I was happy with this as the 'skeleton' of my tree!  This is why I like taping it where it will hang once completed.  This way you can make sure your finished product will look balanced.  Adding that little hillside at the bottom grounds the tree instead of it looking like it's hanging in mid air.

At this point, tape the seams of the trunk and branches very well so they are secure.

With the scrap paper left over from the trunk and branches, cut out some bats and and owl.  Again, it doesn't look like much on the paper, but once cut out, it looks like a bat!  Also...very important!  You can cut your bat slightly different from the freehand drawing.  Once I started to cut this bat out, I thought I would like some ears to show, so I cut the ears in as I was cutting towards the head simply by cutting them 'outside the lines' so to speak!  

I liked the ears better!  /

I did the same for the owl that's sitting on the top branch of the tree!  My pool little owl looks kind of silly here, but the finished product looks great!  Cut out the eyes so the light can shine through them once a light is turned on at night.  You can add some transparent plastic film in the eyes too if you want them to glow more, either yellow or orange.  One hint to keeping that part cheap and not having to buy extra paper from the craft store is to search out something in your house already that is that color...a potato chip bag, some plastic wrap colored with a highlighter?  Use your imagination and resourcefulness here.  Glow in the dark paint would be a great option too.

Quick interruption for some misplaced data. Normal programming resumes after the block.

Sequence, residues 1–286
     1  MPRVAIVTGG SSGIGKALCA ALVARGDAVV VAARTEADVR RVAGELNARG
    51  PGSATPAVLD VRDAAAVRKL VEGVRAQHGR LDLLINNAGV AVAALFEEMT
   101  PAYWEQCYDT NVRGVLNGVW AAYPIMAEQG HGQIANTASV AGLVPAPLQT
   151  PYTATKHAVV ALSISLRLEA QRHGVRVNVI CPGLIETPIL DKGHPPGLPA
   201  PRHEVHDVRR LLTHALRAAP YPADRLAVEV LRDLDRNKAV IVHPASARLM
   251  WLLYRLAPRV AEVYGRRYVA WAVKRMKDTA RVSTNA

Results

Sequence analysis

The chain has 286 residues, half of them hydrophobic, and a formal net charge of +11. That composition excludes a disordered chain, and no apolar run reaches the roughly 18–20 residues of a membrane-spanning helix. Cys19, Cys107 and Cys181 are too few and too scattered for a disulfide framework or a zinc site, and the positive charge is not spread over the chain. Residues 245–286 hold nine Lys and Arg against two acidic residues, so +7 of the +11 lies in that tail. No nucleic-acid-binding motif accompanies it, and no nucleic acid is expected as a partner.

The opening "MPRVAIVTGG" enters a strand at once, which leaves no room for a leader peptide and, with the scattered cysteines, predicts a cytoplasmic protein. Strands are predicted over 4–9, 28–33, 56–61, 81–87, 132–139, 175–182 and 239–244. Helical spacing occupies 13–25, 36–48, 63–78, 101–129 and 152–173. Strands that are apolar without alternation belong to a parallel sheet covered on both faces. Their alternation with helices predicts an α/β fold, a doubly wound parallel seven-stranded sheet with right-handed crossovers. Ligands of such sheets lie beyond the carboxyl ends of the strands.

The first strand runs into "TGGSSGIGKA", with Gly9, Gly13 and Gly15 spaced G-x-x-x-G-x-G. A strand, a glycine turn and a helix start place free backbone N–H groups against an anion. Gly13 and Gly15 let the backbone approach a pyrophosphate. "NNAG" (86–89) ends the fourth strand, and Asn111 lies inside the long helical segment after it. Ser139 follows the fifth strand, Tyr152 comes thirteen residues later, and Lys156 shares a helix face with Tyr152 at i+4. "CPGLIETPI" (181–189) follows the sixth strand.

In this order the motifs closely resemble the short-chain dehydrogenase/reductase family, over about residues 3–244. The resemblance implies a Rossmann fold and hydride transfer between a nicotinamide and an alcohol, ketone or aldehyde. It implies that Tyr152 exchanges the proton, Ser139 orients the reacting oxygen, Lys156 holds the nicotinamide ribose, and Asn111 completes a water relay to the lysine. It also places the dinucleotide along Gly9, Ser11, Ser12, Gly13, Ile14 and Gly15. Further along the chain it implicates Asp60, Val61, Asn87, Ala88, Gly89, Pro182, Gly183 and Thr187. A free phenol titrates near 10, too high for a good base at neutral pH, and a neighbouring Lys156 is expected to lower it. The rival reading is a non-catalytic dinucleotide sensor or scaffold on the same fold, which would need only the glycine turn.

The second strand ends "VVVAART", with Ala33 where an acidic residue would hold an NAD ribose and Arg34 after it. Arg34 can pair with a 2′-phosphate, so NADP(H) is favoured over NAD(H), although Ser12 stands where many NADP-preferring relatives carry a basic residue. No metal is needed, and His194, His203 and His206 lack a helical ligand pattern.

Once your tree looks the way you like, carefully untape it from the door, take it outside to spray paint.  You MUST spray paint outside in a well ventilated area!  I put my tree and birds on the lawn to spray paint.  When the first side was dry, I turned it over to paint the reverse side.  I left it outside to dry and let the fums dissipate.  Spray paint really stinks!!  Once both sides are dry, place your tree and birds in a dry place to make sure the fumes are gone before hanging in place.

This isn't quite done yet, but you get the idea.  I'll post a finished (and much better picture) later today after I get to the store to get some clear tape.  ( I will actually buy some clear packing tape.  Since the holidays are coming, and we send homemade cookies to relatives out of state, I need the packing tape anyway!)